Sumit Singhal loves modern architecture. He comes from a family of builders who have built more than 20 projects in the last ten years near Delhi in India. He has recently started writing about the architectural projects that catch his imagination.
Split bathhouse in Gansu, China by BaO
August 27th, 2011 by Sumit Singhal
Article source: BaO
Shanmen, a villagelocatedin the mountains near Tianshui in Gansu Province, asked BaO architects and the Children of Madaifuassociation to help them build a small community bathhouse. The villagers and the schoolshad no possibility to wash in the town since there is neither public facility of any kind, nor private bathrooms in the houses. The precarious hygiene conditions are source of many discomforts, infections, diseases, plagues and even outbreaks of epidemics.
The Bathhouse was conceived as a small scale public equipment that would help improve the sanitary situation of more than 5000 people including the nearby villages and approximately a thousand children. A key element of the building’s conception was the broader positive social impact that the project could havea town that lacks public and gathering spaces. The bathhouse is thus designedboth as a functional building performing its duty and as a meeting place for villagers, a «public space» that acts as a community epicenter.
The building is a prototype for an architecture that enacts civic consciousness and creates conditions for social progress, as well as a prototype for a sustainable development that doesn’t negate local environmental and cultural conditions but tries to use them to reinvent itself. The bathhouse was conceived as an incubator triggering social, cultural, sanitary, environmental and economical mini-revolutions demonstrating that, even in the difficult context of urgency, it matters to go beyond simple problem solving and to try to propose alternative possibilities and wholesome approaches for rural development in China.
The project is split in two distinct buildings, one for men, one for women, that are linked in the middle by a shared space in the form of a greenhouse that utilizes passive solar energy. This “public” gathering space can be completely opened on both sides to become a half-inside/half-outside buffer zone and to permit users to circulate in, through and enter or exit the building from multiple routes. Using the two bathing wings as structural walls, the generous spaces of the greenhouse were built for avery low cost with local materials andtechniques.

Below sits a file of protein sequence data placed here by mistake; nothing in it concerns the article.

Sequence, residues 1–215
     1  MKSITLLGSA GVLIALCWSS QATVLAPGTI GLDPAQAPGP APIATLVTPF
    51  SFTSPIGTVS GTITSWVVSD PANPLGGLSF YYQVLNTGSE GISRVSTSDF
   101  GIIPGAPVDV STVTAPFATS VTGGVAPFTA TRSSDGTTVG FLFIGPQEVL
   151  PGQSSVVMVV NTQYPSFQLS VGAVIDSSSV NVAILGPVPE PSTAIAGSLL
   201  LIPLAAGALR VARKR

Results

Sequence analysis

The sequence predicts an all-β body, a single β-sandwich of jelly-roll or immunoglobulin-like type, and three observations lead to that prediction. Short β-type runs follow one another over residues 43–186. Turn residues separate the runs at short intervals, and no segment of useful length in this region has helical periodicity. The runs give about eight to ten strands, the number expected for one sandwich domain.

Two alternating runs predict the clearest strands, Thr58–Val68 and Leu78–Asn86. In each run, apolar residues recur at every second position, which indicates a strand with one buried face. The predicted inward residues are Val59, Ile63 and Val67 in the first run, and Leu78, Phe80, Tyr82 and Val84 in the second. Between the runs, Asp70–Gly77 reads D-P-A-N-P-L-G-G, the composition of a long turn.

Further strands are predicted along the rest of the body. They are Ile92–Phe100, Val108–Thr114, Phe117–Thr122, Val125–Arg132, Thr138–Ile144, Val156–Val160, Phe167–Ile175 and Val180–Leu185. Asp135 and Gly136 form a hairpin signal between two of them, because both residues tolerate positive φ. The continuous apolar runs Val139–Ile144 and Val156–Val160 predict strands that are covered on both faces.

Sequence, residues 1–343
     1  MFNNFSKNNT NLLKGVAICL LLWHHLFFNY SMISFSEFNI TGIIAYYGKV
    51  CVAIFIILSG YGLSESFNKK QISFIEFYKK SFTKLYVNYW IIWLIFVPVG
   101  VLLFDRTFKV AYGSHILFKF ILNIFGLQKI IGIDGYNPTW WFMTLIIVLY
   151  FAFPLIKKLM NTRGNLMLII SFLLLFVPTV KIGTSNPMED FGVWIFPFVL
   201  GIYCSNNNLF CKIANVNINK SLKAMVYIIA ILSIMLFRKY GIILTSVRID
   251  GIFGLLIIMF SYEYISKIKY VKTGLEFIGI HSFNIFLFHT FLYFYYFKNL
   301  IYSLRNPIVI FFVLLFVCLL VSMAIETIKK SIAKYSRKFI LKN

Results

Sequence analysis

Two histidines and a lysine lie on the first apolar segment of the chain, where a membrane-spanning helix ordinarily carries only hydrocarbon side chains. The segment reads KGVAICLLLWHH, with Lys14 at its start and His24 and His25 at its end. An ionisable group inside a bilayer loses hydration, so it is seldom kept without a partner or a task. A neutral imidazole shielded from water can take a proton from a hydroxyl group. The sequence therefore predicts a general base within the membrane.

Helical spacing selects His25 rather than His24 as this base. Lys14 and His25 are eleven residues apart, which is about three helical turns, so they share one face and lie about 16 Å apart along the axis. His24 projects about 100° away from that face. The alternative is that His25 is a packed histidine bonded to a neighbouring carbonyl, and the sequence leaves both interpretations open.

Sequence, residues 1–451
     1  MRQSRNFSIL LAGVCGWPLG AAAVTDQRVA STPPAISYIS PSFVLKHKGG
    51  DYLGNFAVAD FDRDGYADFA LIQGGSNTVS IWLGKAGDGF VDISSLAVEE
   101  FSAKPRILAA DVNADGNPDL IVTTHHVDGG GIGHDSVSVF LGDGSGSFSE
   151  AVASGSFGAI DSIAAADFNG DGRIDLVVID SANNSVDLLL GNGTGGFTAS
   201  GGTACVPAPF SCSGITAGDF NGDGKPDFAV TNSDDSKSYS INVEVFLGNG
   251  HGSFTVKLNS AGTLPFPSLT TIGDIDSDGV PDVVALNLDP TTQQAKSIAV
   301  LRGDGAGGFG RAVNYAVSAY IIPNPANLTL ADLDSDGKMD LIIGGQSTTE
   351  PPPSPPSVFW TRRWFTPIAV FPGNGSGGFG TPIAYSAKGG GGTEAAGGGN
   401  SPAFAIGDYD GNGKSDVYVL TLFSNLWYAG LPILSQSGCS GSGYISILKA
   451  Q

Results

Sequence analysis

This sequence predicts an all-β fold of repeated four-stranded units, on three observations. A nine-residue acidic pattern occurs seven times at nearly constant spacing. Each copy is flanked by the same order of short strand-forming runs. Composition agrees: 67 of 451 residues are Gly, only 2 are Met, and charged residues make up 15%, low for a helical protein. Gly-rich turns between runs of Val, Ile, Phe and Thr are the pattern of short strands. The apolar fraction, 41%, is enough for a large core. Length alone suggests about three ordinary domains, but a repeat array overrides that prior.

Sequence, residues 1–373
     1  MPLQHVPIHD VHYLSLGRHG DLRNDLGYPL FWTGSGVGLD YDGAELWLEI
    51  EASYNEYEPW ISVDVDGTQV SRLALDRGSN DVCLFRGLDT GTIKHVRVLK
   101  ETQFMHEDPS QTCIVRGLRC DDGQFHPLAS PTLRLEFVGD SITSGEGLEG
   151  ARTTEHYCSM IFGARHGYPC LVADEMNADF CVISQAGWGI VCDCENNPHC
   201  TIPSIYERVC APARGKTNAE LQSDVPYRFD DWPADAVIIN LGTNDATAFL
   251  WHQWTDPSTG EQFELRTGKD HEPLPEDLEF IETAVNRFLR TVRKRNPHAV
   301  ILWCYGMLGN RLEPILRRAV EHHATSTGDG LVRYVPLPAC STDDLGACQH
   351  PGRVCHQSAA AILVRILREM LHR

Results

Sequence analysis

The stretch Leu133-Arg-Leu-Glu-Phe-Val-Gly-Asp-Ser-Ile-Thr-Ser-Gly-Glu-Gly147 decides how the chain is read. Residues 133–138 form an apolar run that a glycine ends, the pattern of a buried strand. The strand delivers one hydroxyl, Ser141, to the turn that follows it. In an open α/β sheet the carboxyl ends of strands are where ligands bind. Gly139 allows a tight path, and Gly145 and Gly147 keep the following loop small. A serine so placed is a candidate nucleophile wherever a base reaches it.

The two inverted blocks, with their roofs springing out from the central greenhouse, contain a green and a yellow bathing space for men and women. Each of them is organized along a sequence of entrance, where one change shoes or access bathrooms, locker room with washbasins and changing facilities, and a shower space containing 12 shower heads each. A full-length window strip simultaneously brings light into the spaces and permits proper cross ventilation and steam extraction. The volumes are intentionally completely opened with simple details in order to guaranty easy maintenance and good hygiene of the spaces.
BaO’s intention of creating public spaces all around what had to be highly intimate buildings resulted in setting both shower blocks on a plinth higher than the site’s level. The new leveling permitted the creation of long benches surrounding the buildings that simultaneously furnish the greenhouse with seating on both sides. Next to the main entrance, both the roof and the plinth extend to shelter a small laundry space and outdoor water point. The cantilevering roof protects from rain and sun as well as creating a space of encounter for women and children.
The facades of the buildings are conceived as active assets advocating public expression and a playful relationship with architecture. The blind walls surrounding the men and women blocks are covered with blackboard that enables to write information, signage or more simply to permit the school children to draw on, write on, play on and play with the building. The whole envelop of the bathhouse is thus continuously transforming and evolving with the interaction and creativity of the children.
Since neither public water supply nor drainage systems existed on-site, the whole bathhouse had to be designed as an autonomous entity. After being pumped from underground in a 8 meters deep well, the water is stored in a 20m3 tank that either supplies the roof solar collectors panels that provide free hot water at least 6 months a year or the boiler when solar energy is not enough.
Heated and used in the showers and the washbasins, the wastewater then exits the building through different routes to reach a series of rhizofiltration basins. Those bamboo planted areas treat and purify the wastewater thanks to a bacterial fauna living in the rhizomesthat eradicate microbes and clean grey water before it is either assimilated by the plant or return to the ground.The building is thus surrounded andcamouflagedbythe round-shape bamboo planted filters that enhance the sense of intimacy and completely redefine a site that used to be dry and dusty. The “green nest” provides a rich array of gathering spaces encircling the building with furniture, benches, playgrounds, and shaded areas that participate in making the Split Bathhouse an enjoyable space for children and the community at large.
More info about the Split Bathhouse on www.bao-a.com